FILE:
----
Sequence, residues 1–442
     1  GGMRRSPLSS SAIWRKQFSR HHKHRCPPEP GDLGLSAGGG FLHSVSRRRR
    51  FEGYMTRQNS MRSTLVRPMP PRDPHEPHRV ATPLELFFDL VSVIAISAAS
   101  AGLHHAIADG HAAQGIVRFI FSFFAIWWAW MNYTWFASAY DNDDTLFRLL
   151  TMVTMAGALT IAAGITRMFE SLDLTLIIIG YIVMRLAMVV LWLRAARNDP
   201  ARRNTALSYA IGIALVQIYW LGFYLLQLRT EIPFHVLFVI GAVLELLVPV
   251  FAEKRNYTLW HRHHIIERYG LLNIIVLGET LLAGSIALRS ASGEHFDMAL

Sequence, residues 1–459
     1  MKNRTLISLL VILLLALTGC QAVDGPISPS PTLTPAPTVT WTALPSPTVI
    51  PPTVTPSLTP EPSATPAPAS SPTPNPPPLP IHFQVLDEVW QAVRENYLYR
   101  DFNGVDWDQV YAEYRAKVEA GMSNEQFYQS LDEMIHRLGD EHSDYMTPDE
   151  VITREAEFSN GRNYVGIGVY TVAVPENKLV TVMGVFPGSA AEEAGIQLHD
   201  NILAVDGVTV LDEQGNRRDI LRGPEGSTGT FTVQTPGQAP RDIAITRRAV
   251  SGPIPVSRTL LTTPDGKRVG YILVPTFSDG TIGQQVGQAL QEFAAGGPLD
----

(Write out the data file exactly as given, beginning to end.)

Sequence, residues 1–442
     1  GGMRRSPLSS SAIWRKQFSR HHKHRCPPEP GDLGLSAGGG FLHSVSRRRR
    51  FEGYMTRQNS MRSTLVRPMP PRDPHEPHRV ATPLELFFDL VSVIAISAAS
   101  AGLHHAIADG HAAQGIVRFI FSFFAIWWAW MNYTWFASAY DNDDTLFRLL
   151  TMVTMAGALT IAAGITRMFE SLDLTLIIIG YIVMRLAMVV LWLRAARNDP
   201  ARRNTALSYA IGIALVQIYW LGFYLLQLRT EIPFHVLFVI GAVLELLVPV
   251  FAEKRNYTLW HRHHIIERYG LLNIIVLGET LLAGSIALRS ASGEHFDMAL

Sequence, residues 1–459
     1  MKNRTLISLL VILLLALTGC QAVDGPISPS PTLTPAPTVT WTALPSPTVI
    51  PPTVTPSLTP EPSATPAPAS SPTPNPPPLP IHFQVLDEVW QAVRENYLYR
   101  DFNGVDWDQV YAEYRAKVEA GMSNEQFYQS LDEMIHRLGD EHSDYMTPDE
   151  VITREAEFSN GRNYVGIGVY TVAVPENKLV TVMGVFPGSA AEEAGIQLHD
   201  NILAVDGVTV LDEQGNRRDI LRGPEGSTGT FTVQTPGQAP RDIAITRRAV
   251  SGPIPVSRTL LTTPDGKRVG YILVPTFSDG TIGQQVGQAL QEFAAGGPLD